“Cutting back willy-nilly on high-return investments just to make the picture of the deficit look better is really foolish,” Stiglitz, a Columbia University professor, told Dublin-based RTE Radio in an interview broadcast today.
Euro-area governments stepped up efforts to cut their deficits to below the European Union limit of 3 percent of gross domestic product after the Greek crisis earlier this year eroded investor confidence in the 16-member currency union. While the economy expanded at the fastest pace in four years in the second quarter, the recovery is showing signs of weakening.
“Because so many in Europe are focusing on the 3 percent artificial number, which has no reality and is just looking at one side of a balance sheet, Europe is at risk of going into a double-dip,” Stiglitz said.
Growth in Europe’s services and manufacturing industries slowed more than economists forecast in August and German investor confidence slumped to the lowest in 16 months. Moody’s Investors Service said yesterday that “risks to economic growth are clearly to the downside” in the euro-region economy.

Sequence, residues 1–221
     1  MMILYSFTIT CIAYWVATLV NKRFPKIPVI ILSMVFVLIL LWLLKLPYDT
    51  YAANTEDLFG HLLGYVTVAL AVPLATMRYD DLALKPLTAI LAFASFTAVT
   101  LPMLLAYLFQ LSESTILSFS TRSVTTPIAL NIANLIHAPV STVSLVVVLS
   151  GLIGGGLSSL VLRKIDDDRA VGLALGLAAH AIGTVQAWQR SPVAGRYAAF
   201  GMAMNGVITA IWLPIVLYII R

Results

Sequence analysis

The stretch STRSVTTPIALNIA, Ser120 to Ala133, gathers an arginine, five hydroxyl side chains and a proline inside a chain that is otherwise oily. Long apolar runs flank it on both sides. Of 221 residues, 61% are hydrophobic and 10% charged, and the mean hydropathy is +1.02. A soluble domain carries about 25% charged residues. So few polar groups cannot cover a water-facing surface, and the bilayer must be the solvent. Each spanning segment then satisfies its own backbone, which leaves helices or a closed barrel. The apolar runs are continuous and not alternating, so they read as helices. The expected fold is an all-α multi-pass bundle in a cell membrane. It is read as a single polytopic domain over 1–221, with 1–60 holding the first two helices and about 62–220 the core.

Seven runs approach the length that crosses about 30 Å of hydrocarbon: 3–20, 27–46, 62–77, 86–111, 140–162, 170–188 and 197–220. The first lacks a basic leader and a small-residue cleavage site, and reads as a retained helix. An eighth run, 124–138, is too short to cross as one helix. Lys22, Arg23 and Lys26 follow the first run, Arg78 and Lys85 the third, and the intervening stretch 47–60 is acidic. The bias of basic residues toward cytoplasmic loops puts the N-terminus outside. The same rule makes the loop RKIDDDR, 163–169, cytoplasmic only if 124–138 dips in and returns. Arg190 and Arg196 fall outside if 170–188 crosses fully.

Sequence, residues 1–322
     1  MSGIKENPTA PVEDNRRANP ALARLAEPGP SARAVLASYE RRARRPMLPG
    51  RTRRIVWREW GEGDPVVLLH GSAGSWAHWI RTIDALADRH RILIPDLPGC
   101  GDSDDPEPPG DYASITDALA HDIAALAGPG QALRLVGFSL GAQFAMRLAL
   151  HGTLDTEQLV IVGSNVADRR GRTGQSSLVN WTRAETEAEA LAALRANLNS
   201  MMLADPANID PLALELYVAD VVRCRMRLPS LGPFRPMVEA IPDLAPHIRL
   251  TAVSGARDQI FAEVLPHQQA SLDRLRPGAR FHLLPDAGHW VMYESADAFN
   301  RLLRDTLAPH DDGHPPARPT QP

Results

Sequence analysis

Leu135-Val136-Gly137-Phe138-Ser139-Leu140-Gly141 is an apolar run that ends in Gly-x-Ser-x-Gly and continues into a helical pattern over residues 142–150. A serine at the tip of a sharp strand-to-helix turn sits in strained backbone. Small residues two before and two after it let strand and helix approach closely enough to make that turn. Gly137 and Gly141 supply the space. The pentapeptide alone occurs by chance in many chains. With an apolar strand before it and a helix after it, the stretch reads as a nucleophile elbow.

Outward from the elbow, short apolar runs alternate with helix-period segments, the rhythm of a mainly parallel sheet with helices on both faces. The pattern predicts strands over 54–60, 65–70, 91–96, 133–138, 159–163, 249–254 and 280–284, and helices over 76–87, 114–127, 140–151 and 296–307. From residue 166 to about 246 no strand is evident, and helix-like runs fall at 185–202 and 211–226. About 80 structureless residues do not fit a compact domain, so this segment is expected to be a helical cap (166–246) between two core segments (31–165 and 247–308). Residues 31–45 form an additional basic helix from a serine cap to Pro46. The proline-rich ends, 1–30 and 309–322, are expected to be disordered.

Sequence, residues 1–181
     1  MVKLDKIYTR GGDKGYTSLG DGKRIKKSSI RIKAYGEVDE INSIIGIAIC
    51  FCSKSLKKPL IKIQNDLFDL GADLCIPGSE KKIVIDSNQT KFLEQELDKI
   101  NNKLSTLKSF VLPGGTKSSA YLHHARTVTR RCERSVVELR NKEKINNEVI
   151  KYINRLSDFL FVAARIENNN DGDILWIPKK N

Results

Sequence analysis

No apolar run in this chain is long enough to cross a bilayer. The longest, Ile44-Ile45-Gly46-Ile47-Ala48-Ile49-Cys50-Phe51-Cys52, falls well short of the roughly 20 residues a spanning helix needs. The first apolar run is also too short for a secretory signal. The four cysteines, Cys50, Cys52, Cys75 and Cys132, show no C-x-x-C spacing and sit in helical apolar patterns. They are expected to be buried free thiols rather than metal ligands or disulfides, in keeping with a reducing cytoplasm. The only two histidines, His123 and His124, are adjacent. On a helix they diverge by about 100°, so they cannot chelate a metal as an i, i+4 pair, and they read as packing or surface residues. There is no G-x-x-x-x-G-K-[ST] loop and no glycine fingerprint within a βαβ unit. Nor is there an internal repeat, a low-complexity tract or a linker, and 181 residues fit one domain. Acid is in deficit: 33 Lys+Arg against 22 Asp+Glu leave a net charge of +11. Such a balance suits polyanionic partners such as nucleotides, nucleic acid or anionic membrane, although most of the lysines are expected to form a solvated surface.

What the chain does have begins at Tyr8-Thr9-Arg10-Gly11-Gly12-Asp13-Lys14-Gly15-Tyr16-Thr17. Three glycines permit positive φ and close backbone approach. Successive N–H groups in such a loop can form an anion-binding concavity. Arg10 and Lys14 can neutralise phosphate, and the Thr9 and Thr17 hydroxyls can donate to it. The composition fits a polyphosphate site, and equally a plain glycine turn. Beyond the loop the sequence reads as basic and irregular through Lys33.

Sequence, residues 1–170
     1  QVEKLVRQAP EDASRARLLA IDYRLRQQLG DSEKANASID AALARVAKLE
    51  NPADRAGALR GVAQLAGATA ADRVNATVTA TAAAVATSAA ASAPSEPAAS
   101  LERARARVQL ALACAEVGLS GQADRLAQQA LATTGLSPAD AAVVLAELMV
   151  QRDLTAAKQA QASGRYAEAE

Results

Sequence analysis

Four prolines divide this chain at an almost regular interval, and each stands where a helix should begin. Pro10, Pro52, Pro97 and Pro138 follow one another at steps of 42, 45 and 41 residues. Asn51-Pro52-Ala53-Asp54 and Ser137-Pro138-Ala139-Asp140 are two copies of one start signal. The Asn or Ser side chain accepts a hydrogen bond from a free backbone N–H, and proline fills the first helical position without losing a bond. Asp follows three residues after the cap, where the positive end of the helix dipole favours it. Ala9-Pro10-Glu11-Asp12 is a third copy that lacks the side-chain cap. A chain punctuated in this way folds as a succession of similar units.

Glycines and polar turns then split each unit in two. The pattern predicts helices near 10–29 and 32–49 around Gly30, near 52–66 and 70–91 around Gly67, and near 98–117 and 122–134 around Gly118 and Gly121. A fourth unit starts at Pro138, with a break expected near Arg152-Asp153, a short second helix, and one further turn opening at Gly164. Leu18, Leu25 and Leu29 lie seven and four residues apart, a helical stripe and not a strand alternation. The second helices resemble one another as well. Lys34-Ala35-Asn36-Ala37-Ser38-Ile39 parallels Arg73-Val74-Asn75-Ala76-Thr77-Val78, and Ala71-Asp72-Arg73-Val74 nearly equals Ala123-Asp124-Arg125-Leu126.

The average budget deficit in the euro area will probably widen to 6.6 percent of GDP this year from 6.3 percent in 2009, the European Commission forecast in May. The Greek government aims to pare its shortfall, the region’s second largest, from 13.6 percent of GDP last year to 8.1 percent this year and to within the EU limit in 2014, it has said. The country has cut wages and pensions and increased taxes to stave off a default.
At 14.3 percent of GDP, Ireland had the highest deficit in the euro region last year. The shortfall will narrow to 11.7 percent this year, excluding the cost of bank bailouts, the commission forecast.
“Obviously, Ireland by itself is too small to determine what happens to Europe as a whole,” Stiglitz said. “But if Germany, the U.K. and other major countries follow this excessive austerity approach, Ireland will suffer.”
Stiglitz said that with companies still cutting jobs, he doesn’t expect economic growth to strengthen anytime soon.
“The problem is that we aren’t getting out of this current crisis very quickly,” he said. “What we’re doing is setting ourselves for a longer-term Japanese-style malaise of weak growth for an extended period of time. It’s very disturbing that people are talking about a new normal” with unemployment as high as 10 percent “which would be devastating.”